Health Update: Ventricular Tachycardia, My Favorite Doctor, and Tendonitis Everywhere
“For you did not receive a spirit that made you a slave again to fear, but you received the spirit of sonship. And by him we cry, “Abba, Father.” —Romans 8:15
It has been a great comfort to me to remind myself: God already knows what is wrong with me. He knows what is happening and where it’s headed. I have only to buckle up and trust Him.
First, let me tell ya what a relief it is to have some answers to the heart question.
What do you call your doctor when she’s a physician’s assistant? PA Carlquist? I don’t know what to call her, but she has been a great help to me. She came right in to the appointment and got to the point. She had her computer open and she said, “Well, the good news is we know what it is, but it’s not so good.”
Surprise! Wait. Someone actually is holding a piece to this puzzle. I didn’t even know enough about hearts to be worried. I’m not medical at all. I’m just happy someone does know.
It’s called Ventricular Tachycardia, and I was impressed with the simple way she explained it. She said that it’s like there’s an anarchist down in the lower part of my heart. The upper area is in charge of the rhythm, but occasionally the anarchist rises up and takes over, which is not good. The thing is that he throws off the beat and goes too fast. (Yes, an anarchist absolutely must be a HE. HA!) Then the true leader takes back over.
The problem showed up when I did the overnight heart monitor, at 12:44am, for six beats, so there’s a possibility that it could be caused by my not getting enough oxygen in my sleep. Although, I’m not sure if that explains why it happens sometimes during the day. I’ll have to ask.
They changed my medications, which I am adjusting to this weekend. I am so fatigued!! After three weeks of having my energy back, this is hard.
Let me tell you why I like Cardiology PA Carlquist so much. For starters, I feel comfortable enough with her to tell her what needs to be told. I often freeze up with other doctors. She is good about answering my questions too. I had her look at my swollen pockets on my feet, to make sure it’s not a circulation thing.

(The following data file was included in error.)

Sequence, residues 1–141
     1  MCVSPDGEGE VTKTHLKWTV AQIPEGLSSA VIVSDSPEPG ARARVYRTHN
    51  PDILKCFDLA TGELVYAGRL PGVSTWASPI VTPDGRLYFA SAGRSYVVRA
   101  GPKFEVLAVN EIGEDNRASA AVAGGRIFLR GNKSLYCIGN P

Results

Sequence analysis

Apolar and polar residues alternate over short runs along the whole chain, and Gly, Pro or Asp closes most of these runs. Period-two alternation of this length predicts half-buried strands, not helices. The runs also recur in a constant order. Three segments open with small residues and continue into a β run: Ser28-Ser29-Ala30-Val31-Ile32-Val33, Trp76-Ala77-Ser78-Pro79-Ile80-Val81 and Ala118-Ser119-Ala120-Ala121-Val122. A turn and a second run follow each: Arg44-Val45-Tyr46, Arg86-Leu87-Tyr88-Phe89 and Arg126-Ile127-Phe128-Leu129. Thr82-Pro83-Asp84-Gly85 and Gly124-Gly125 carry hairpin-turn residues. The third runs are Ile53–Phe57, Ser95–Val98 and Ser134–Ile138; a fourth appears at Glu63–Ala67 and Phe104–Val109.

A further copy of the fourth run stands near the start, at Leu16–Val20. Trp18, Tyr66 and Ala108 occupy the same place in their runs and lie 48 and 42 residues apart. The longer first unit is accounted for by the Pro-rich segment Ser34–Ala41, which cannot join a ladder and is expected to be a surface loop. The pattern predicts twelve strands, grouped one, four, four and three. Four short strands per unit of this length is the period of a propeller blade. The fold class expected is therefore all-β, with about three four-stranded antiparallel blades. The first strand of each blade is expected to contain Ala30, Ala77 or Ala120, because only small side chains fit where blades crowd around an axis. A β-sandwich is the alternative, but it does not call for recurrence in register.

“Oh, that’s a tendon. Are you a runner? A skater?” she asked.
“No, it’s just that my tendons hate me.” I have tendonitis in several places now: shoulder, both knees (IT band that runs from knee to hip), and plantar fasciitis that comes and goes.
Of course, while I was showing her my swelling, we both noticed my purple and white toes…
I saw her looking at the toes funny, so I explained, “Oh, yeah, my toes are just purple because I have Raynaud’s syndrome, but it doesn’t bother me too much. It’s always been more of a party trick.” Ha!
She made a note of the purple toes in her computer. Then she went on to explain that the doctor may want to do a ventricular ablation to turn off the ventricular tachycardia. This is a procedure where they go in through your thigh and run a catheter up to your heart and work on the problem that way. The advantage to this is that I would not need medicine anymore, once it’s done.
So I still needed a follow-up appointment with this doctor. He is difficult to get an appointment with.
“I’ll walk you to the desk and see if I can speed the process up a little,” she said. (See, this lady is AWESOME sauce.)
We walk out, and lo and behold, there’s the doctor that specializes in electrical heart problems, standing right there eating an apple!
My PA sent me back to my exam room. She stood out there and talked to the doc for a good five minutes. Then they both came in. I thought he’d just stick his head in for a minute, but no. He pulled up a patient chair, sat down, and asked me questions. It was a good visit. Of course, I forgot to tell him about the fevers, but I haven’t had too many of those lately.